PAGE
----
Some other tips I picked up... On your SIP phone, make sure your RTP Packet Size is 0.020 or less. (Most articles I've read don't suggest going lower than 0.010.) Linksys/Sipura phones ship with an RTP Packet Size of 0.030ms as their default, which can cause problems with the audio (stuttering / inaudible passages, distortion or even audio dropouts). Lowering the packet size lowers the latency, shortens the samplerate between packets and results in more reliable transmission of the audio from you to the other call (at the cost of marginally higher bandwidth usage). I noticed a marginal decrease in the latency between me speaking and the other party hearing my voice when I lowered the packet size, bringing it in line with a regular PSTN -> mobile phone call - much better! Before, audio was taking anything up to half a second to get to the other end, which really becomes noticeable in telephone conversations.

You can leave your subscription time to 3600 seconds for most SIP services, but ensure that NAT mapping and NAT keep-alive is turned on, and the NAT keep-alive interval is very short (I have our phones set to between 15 and 20 seconds, whereas the default on the Sipura devices is much longer). If you have multiple devices connecting through the same broadband connection, this helps remind the router to keep the phones' individual NAT maps alive, so that incoming calls (and outgoing calls) function correctly.

Six options on the Sipura phones I found useful to enable:

Handle VIA received
Handle VIA rport
Insert VIA received
Insert VIA rport
Substitute VIA Addr
Send Resp To Src Port

Set all of these to Yes (some of them default to No). These will aid the phones in handling with packets rewritten by NAT or proxy servers (which most networks will be using, unless you have a block of IPs with one dedicated to each one in a pass-through configuration, but that would be highly unusual). For more info on what each option means, see the VoIP-Info wiki article for Sipura devices, and this discussion thread on the Voxilla forum.

When testing and troubleshooting your phones, try making an outbound call to a regular number or mobile number - if it cuts off after 30 seconds (or a minute), you likely have a NAT problem. Check your settings and consult your provider for more info.

Be sure to check both incoming and outgoing calls work as expected both immediately after the phone successfully registers with the server - and after a while (30/40 minutes). If outgoing and incoming calls last more than 3 or 4 minutes, your network is most likely configured correctly, so if you have audio dropout or other problems (say, after half an hour in a call), something else is afoot.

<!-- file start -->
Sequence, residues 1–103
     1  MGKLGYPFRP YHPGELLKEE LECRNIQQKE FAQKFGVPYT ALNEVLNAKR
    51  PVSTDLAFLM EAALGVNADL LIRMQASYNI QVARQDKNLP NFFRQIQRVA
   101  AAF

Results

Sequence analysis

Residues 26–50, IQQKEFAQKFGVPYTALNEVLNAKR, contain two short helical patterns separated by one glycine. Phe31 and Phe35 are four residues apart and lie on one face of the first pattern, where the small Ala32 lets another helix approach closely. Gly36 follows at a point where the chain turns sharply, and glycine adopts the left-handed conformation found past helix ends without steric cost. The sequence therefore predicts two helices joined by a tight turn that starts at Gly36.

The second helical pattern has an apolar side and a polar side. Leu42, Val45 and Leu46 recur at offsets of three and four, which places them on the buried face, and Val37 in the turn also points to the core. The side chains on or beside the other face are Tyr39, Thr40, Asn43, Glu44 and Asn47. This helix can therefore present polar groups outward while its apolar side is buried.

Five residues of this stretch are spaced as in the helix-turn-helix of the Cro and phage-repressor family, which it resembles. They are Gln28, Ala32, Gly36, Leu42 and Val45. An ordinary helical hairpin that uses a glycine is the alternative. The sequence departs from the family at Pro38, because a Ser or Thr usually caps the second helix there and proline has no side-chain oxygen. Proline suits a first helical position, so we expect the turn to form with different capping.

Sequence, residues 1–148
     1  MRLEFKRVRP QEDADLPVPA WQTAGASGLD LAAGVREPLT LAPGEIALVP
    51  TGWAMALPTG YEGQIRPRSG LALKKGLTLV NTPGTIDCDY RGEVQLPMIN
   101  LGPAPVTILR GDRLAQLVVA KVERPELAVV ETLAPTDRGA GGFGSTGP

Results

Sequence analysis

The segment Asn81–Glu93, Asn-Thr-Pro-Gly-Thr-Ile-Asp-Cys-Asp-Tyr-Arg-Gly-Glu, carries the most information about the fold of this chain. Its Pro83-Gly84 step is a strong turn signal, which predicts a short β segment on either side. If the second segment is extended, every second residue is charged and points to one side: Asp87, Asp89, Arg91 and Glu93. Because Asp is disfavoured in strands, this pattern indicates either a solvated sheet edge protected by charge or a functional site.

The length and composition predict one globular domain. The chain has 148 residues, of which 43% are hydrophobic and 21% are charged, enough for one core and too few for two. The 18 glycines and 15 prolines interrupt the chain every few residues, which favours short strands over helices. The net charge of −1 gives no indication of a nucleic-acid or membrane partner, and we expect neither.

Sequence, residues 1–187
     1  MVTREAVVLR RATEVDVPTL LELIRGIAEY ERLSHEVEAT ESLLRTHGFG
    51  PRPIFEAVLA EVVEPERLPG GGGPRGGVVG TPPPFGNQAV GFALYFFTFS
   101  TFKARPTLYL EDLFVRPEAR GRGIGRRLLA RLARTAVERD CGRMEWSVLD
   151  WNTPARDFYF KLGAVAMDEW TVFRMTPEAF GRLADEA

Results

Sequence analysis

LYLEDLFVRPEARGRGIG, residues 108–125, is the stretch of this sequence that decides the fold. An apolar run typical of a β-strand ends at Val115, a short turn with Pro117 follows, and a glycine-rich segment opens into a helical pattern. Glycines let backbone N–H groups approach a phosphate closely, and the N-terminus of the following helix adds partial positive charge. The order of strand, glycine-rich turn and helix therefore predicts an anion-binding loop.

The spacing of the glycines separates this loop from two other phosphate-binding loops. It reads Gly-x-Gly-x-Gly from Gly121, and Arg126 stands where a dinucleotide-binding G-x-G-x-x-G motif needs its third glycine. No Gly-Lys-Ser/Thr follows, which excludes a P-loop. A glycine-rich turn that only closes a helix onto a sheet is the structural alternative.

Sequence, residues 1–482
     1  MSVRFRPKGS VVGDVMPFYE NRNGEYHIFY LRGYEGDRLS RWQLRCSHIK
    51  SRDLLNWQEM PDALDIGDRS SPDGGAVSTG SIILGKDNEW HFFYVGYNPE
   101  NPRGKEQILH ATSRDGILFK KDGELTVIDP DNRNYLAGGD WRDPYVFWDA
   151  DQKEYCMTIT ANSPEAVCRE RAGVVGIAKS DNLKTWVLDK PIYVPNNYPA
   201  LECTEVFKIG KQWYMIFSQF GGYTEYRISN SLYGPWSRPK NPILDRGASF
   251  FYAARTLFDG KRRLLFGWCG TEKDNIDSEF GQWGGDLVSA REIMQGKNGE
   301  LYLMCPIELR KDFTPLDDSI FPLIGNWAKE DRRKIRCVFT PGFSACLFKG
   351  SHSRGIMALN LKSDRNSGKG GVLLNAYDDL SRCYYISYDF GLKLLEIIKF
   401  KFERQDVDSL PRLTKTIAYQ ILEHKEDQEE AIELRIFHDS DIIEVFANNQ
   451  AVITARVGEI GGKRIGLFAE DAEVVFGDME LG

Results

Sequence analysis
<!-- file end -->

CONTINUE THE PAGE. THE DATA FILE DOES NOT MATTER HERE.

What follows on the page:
In terms of codec choice, most phones will offer G.711 (I would recommend you choose G.711a instead of G.711u if you're outside of the United States, based on this discussion and this discussion), but as they are the highest quality (uncompressed) they use the most bandwidth. For more info on all the possible codecs used for VoIP platforms, see the VoIP-Info wiki article. If you can't use G.711a (or it's not feasible due to bandwidth constraints, then G.729 or G.726 - in that order - are the next best, and most commonly supported choices. If you're planning to use a fax device on a VoIP line, ensure that the service provider supports the T.38 protocol - and again, configuring the appropriate RTP Packet Size is crucial (setting a very low amount, like 0.010ms, will help with problematic devices that may receive a partially garbled transmission - or not connect at all). Some trial and error will be involved in finding the sweet spot - a discussion about 'Sipura tricks' for optimising your SIP call quality can be found on the DSLReports forum, which will also affect T.38 performance. NB: if you're sending data via T.38 to equipment which doesn't support T.38, results will be unpredictable (and you might as well not bother), so if fax over IP is important to you, ensure you check with your potential provider before you sign up, as it's not a standard offering.

Regarding RTP packet size, I've heard lowering it to reduce loss or uneven data transmission can also help with things like Sky Digiboxes and other devices which expect a regular PSTN line to 'phone home', although again, I've not checked this out, so YMMV. Check Google for more related reading.